This chart from the article is nothing more than a line chart. But I just wanted to point out that the rivalry lives, though in my mind it never really went away.
Credit for the piece goes to the FiveThirtyEight graphics department.
Last week the Red Sox’s season came to an end after being swept by the Cleveland Indians and with the sweep so too ended David Ortiz’s career. He is one of the best Red Sox hitters of all time, but Ted Williams was the best. And so last week FiveThirtyEight ran a piece on how one manager from the Cleveland Indians—hence the relevance, right?—beat Ted Williams by “inventing” what we all know in baseball as the shift.
The below photo comes from the game and shows what we baseball fans now think of as routine was at the time almost brand new. (Although to be fair, the shift in this case left only one fielder on the left side of the field—the left fielder. Typically today both the shortstop and left fielder both remain.) Anyway, for those baseball fans, the article is worth a quick read.
Credit for the piece goes to an unknown photographer ca. 1946.
Last week Jackie Bradley Jr., the starting centerfielder for the Boston Red Sox, saw his hit-streak end at 29 games. For those of you who do not follow baseball, that means he hit the ball and reached first base safely without causing an out for 29 games in a row. Quite a feat. Anyway, because it is a feat, the story gets covered and in this case, by the Boston Globe.
They wrote several articles on Bradley and the hit streak, but this one included a small, interactive graphic that mapped out his hits. Because a streak exists over time, the component includes a slider to show how the hits have progressed.
Worth keeping in mind that this was merely a sidebar graphic, not a large and fully immersive piece. The piece itself features only a few tables detailing baseball data comparisons, but it exists in a new design layout from the Globe featuring bigger, glossier photographs. Not all graphics need to be the biggest element on the page. From a pacing perspective, it sometimes helps to have a small graphic placed next to the important text to provide immediate context. Speaking of context…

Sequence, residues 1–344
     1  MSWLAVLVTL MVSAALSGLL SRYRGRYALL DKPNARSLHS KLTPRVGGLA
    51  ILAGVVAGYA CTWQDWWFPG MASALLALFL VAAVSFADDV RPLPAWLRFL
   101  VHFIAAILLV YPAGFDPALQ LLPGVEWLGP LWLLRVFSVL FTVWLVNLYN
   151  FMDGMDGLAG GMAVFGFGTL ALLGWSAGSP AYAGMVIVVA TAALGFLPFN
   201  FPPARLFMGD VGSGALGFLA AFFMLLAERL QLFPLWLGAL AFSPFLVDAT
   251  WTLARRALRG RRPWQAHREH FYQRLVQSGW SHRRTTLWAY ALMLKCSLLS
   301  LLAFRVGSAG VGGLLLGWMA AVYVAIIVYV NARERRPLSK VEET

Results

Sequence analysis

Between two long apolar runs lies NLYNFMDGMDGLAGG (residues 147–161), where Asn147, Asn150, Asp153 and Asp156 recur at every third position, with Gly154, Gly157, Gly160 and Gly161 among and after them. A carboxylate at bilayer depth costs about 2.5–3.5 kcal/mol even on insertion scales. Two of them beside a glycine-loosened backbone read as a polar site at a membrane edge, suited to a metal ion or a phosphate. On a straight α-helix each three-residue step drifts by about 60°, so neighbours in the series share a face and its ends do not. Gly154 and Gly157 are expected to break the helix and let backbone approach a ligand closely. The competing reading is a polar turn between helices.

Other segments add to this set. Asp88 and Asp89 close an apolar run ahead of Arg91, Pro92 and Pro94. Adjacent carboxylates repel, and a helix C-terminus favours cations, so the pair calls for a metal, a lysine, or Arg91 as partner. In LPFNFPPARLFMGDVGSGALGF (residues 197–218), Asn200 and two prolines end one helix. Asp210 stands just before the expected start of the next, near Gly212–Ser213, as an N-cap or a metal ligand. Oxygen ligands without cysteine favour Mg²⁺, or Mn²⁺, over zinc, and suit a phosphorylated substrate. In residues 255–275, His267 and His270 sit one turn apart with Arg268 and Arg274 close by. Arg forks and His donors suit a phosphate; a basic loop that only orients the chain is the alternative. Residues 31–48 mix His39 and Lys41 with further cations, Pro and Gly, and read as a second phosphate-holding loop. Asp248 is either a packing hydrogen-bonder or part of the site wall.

Overall, a very nice piece.
Credit for the piece goes to the Boston Globe graphics department.
Today’s graphic is not terribly complicated, but it is near and dear to Boston Red Sox fans. This is David Ortiz’s final year as he announced his retirement at the year’s outset. And of so course FiveThirtyEight examined Big Papi’s chances of getting into the Hall of Fame.
Last week FiveThirtyEight posted a nice article about the best pitchers in baseball. Turns out Pedro Martinez rates pretty highly among them. The late 90s and early 00s were great for Red Sox pitching.
Credit for the piece goes to Neil Paine and Jay Boice.
Today marks the final start of the year for Rich Hill of the Boston Red Sox. It’s also only his fourth start of the year. He was signed as depth as attrition left an empty spot in the rotation. In his three starts, however, he has given up only three runs in 23 innings while striking out 30 and walking only two. How does he do it? Over at Baseball Prospectus they took a look at Hill’s curveball and the deception he generates from his arm slot and the location of his fastball. They show this by a comparison graphic. I’ve added the names of the two players, but otherwise the graphic is unaltered.
If I am lucky, I can catch this last Hill start at the pub tonight.